Share your research.
Your partner will be more likely to join you if you suggest a specific road map for change based on solid information. One couple, Kurt and Terri, struggled mightily with going to bed before midnight. Once the kids were asleep, they were on their laptops for hours, and it wreaked havoc on their moods (not to mention their sex life). Kurt kept urging a change, but Terri’s answer was, “When am I supposed to get all this stuff done?” Kurt educated himself on the costs of sleep deprivation, reading the book Why We Sleep, by Matthew Walker, then suggested to Terri that they commit to a healthier sleep schedule based on the book’s findings. When Terri listened to the book on her way to work, she was convinced by the research and began to make an effort to get to bed earlier.
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Start with one small change.
Basements and garages are littered with the castaways of forgotten hobbies and good intentions. (Exhibit A: the zoodle maker gathering dust in your kitchen.) Change is hard and slow, and it often happens in fits and starts. Long-term commitment to any new lifestyle can’t be promised at the outset, even by an enthusiastic change agent. Dip a toe in and see how it goes. Take some time to test how committed you can be to the new behavior you want to promote. Couples get into trouble when one partner sees herself as carrying the banner for change and casts the other partner as a stick-in-the-mud. Agree to a small change, then check in with each other about how it’s going. Humor and flexibility can make it fun, while perfectionism and rigidity are a downer.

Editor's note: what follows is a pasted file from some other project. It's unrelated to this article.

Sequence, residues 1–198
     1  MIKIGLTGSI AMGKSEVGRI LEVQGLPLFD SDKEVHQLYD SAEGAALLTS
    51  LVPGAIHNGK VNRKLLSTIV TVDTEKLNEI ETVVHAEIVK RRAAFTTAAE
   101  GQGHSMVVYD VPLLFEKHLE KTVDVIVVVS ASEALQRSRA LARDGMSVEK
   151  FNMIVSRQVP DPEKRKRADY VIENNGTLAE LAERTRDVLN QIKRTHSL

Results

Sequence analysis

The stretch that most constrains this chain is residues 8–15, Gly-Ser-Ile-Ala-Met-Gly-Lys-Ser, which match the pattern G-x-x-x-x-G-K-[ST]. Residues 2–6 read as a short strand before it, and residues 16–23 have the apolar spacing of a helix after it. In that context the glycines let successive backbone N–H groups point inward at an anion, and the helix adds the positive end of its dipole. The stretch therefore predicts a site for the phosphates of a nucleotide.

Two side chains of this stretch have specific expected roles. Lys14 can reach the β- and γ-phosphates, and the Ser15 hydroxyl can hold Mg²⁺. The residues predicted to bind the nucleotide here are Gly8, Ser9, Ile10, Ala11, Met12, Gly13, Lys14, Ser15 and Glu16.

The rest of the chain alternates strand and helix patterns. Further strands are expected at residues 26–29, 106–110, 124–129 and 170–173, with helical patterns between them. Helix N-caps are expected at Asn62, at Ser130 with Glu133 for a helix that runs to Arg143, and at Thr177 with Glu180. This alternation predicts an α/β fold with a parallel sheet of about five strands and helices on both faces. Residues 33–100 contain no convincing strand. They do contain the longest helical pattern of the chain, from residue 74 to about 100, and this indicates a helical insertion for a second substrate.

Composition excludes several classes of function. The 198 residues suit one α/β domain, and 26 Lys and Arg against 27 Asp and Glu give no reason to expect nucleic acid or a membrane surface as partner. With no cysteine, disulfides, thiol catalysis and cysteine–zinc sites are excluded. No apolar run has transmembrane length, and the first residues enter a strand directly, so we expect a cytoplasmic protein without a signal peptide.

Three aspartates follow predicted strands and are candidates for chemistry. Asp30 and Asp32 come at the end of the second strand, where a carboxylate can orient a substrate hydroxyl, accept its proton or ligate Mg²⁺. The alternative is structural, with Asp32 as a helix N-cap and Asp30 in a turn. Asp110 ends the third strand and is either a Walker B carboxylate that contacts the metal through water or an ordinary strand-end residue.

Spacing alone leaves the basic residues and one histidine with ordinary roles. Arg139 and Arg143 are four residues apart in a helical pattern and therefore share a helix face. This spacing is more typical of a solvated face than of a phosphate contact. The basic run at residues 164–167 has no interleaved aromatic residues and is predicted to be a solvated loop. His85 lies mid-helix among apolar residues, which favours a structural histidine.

Work as a team, but be willing to go it alone.
If you find your partner doesn’t want to join you, that’s not the end of the story. One of the most powerful ways to influence is to lead by example, and he or she may come around. Sometimes, though, your partner will give you a hard no. This may hurt or make you mad, but don’t let it prevent you from following through on your own beliefs. For Joanne, her differences with Michael were frustrating at first, but they spurred her to change her own shopping and food preparation to make sure that breakfasts and lunches had no meat. Michael was fully on board with trying to lower the family’s carbon footprint and explored ways to drive less. In the long run, demonstrating a respect for differences in a relationship is one of the greatest gifts you can give your children. Committing to a lifestyle change alone, or in a smaller way than you’d like, also teaches you a lot about what matters to you, and that will ultimately benefit your relationship too.
Daphne de Marneffe, Ph.D., is a psychologist and the author of Maternal Desire and The Rough Patch: Marriage and the Art of Living Together. Visit her at daphnedemarneffe.com.
This article originally appeared in Parents magazine's August 2020 issue as “Bring Your Partner on Board for a Lifestyle Change.” Want more from the magazine? Sign up for a monthly print subscription here